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Democrats dissect why Stacey Abrams lost her bid for governor


For many Democrats, Georgia has come to symbolize the party's future. But last week one of its brightest stars, Stacey Abrams, lost her second bid for governor against Republican incumbent Brian Kemp. Only one statewide Democrat remained standing on election night, Senator Raphael Warnock. And he still has to win a runoff against Republican Herschel Walker. Now Democrats are starting to dissect what happened with that key race still looming. WABE's Sam Gringlas reports from Atlanta.

SAM GRINGLAS, BYLINE: In 2018, Stacey Abrams narrowly lost her bid to become the first Black woman governor in the country, no less in a state that had been dominated by Republicans. Four years later, Abrams came up short again against Republican Brian Kemp.


STACEY ABRAMS: We may not have made it to the finish line, but we ran that race.

GRINGLAS: But this year, the Abrams campaign lost by a much bigger margin, more than seven points compared to just over 1% last time.

TAMMY GREER: Could it be that perhaps it was too insular? Let's just run the same playbook from four years ago, and that's going to work.

GRINGLAS: That's Tammy Greer, a political science professor at Clark Atlanta University. Unlike 2018, the White House is now occupied by a Democrat. And President Biden's popularity has sagged in Georgia, partly because of inflation. Kemp constantly emphasized his handling of the state's economy from reopening businesses early in the pandemic to pausing the state gas tax amid rising prices.

THARON JOHNSON: Governor Kemp being an incumbent was going to be very difficult to beat.

GRINGLAS: Tharon Johnson is a Democratic strategist.

JOHNSON: He ran a very disciplined campaign. His message was very succinct. I can repeat it because he kept saying it over and over.

GRINGLAS: Kemp's focus on economics may have helped win some independent voters, but demographer Fred Hicks says the turnout rate also dropped from 2018.

FRED HICKS: You know, it wasn't that you saw a whole bunch of Democrats in the metro area vote for Brian Kemp, but they did not come out and vote.

GRINGLAS: The Black and Hispanic turnout rate fell from the last midterms. It's too early to know exactly why, but Professor Greer thinks Democrats didn't do enough direct voter contact. She believes they assumed Georgia's growing diversity would carry them more than it did.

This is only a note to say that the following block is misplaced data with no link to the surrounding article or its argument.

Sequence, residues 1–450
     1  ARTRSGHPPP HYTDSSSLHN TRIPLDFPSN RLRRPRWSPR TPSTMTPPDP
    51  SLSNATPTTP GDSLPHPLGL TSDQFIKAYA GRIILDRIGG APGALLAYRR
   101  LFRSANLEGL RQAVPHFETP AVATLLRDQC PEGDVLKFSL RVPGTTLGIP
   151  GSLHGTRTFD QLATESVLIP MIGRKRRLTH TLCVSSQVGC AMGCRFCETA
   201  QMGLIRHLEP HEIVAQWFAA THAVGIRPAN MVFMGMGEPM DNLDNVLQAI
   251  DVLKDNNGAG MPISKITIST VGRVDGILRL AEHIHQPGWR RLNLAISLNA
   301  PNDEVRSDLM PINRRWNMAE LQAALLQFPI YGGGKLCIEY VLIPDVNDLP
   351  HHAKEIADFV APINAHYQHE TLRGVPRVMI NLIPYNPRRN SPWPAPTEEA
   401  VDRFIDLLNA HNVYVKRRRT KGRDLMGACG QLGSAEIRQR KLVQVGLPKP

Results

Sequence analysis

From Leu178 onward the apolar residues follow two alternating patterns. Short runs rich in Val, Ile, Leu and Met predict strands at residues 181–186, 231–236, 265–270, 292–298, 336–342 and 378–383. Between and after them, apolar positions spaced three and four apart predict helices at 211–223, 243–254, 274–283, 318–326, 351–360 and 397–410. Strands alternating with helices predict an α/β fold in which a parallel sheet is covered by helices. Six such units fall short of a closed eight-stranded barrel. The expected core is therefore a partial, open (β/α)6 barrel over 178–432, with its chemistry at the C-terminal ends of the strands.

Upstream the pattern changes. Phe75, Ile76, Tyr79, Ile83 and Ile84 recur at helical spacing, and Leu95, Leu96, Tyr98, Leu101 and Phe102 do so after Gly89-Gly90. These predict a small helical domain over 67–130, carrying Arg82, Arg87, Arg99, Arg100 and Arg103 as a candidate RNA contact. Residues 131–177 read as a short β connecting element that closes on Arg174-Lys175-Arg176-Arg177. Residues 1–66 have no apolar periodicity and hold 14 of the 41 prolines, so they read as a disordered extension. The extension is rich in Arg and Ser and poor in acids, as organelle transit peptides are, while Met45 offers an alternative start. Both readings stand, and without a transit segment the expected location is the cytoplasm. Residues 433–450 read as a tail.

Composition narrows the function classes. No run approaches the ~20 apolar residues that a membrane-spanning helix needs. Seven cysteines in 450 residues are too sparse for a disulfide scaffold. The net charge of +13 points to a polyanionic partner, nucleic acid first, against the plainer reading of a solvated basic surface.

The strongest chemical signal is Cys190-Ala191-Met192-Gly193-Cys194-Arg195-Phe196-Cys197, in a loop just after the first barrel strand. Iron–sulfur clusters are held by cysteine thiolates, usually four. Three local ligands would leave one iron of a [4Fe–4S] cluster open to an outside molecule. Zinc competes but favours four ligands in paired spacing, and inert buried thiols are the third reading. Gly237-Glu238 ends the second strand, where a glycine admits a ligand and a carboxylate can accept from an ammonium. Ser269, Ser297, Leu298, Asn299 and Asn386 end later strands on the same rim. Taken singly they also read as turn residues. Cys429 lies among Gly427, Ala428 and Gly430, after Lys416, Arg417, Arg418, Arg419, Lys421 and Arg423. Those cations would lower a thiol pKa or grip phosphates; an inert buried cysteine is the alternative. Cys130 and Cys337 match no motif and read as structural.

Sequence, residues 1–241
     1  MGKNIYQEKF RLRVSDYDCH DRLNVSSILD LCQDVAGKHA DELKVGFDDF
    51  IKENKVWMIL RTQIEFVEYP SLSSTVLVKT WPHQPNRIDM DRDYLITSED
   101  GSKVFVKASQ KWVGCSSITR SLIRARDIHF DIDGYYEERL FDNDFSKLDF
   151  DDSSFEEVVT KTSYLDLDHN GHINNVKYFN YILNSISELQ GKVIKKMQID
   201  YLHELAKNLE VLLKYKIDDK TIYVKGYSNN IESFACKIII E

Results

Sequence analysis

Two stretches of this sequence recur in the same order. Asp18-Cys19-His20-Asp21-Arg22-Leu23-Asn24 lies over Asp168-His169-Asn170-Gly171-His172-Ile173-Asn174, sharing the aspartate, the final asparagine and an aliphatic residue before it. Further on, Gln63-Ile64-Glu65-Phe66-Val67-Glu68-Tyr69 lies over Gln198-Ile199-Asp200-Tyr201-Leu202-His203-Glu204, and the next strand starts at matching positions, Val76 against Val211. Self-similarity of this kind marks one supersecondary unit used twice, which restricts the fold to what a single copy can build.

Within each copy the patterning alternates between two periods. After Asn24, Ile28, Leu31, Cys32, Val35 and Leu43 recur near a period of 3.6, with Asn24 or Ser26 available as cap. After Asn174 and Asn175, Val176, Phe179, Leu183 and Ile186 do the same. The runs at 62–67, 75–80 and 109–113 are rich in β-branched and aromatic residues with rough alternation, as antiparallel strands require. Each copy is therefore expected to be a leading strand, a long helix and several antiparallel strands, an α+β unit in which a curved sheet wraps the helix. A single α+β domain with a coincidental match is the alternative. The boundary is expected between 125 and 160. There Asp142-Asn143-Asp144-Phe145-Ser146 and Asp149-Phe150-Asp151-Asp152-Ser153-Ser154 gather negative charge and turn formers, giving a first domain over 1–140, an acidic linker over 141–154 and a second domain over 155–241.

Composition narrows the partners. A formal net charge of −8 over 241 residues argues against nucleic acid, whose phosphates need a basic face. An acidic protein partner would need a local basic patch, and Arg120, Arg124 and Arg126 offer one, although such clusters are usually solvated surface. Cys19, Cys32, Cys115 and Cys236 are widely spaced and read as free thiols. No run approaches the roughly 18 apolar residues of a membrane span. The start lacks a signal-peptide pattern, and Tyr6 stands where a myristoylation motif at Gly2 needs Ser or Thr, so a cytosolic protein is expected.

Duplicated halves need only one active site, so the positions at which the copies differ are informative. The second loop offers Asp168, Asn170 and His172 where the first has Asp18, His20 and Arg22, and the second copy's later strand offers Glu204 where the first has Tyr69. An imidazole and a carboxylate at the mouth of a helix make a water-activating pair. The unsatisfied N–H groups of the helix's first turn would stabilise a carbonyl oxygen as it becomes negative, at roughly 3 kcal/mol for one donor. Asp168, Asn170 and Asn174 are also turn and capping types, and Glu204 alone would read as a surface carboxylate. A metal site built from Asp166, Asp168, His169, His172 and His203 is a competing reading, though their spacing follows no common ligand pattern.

GREER: There was a complete hubris to the demographic shift, huge hubris.

GRINGLAS: The Democrat who got closest to winning beside Warnock was Jen Jordan. She was the nominee for attorney general. This week her team's been closing up campaign headquarters.

JEN JORDAN: Signs are getting packed up. We've got the whiteboard that was kind of all the messaging and strategic stuff that's been wiped clean.

GRINGLAS: Like Abrams, Jordan talked a lot about abortion rights, but Jordan made it the centerpiece of her campaign. She says it did move the needle, just not enough.

JORDAN: I don't think that the really negative impact of the law has really kind of bubbled to the surface yet. I think there was kind of a disconnect, right?

GRINGLAS: And in Georgia, it was harder for Democrats to paint their opponents as extremists on democracy. In fact, the incumbents here, like Kemp and Secretary of State Brad Raffensperger, expressly refused Trump's demands to overturn the 2020 election.

GREER: While other states' Republicans were very involved and were loud and proud in terms of their connections to Trump, really, the opposite was happening here.

GRINGLAS: As Democrats regroup, some also wonder what the losses mean for the party's bench. Abrams has been seen as a top talent, but she's now lost twice statewide. The Abrams campaign didn't respond to a request for comment. Lis Smith, a top staffer on Pete Buttigieg's presidential campaign, says building Democratic power can take many forms, like Abrams' decade-long project to make Georgia competitive.

LIS SMITH: There are many different avenues where these talented people like Stacey Abrams, Beto O'Rourke in Texas can direct their energy. And we need to stop acting like holding elected office is the only thing that matters in politics.

GRINGLAS: For now, Democrats and Republicans say they're focused on the Senate runoff next month. For NPR News, I'm Sam Gringlas in Atlanta.


Sam Gringlas is a journalist at NPR's All Things Considered. In 2020, he helped cover the presidential election with NPR's Washington Desk and has also reported for NPR's business desk covering the workforce. He's produced and reported with NPR from across the country, as well as China and Mexico, covering topics like politics, trade, the environment, immigration and breaking news. He started as an intern at All Things Considered after graduating with a public policy degree from the University of Michigan, where he was the managing news editor at The Michigan Daily. He's a native Michigander.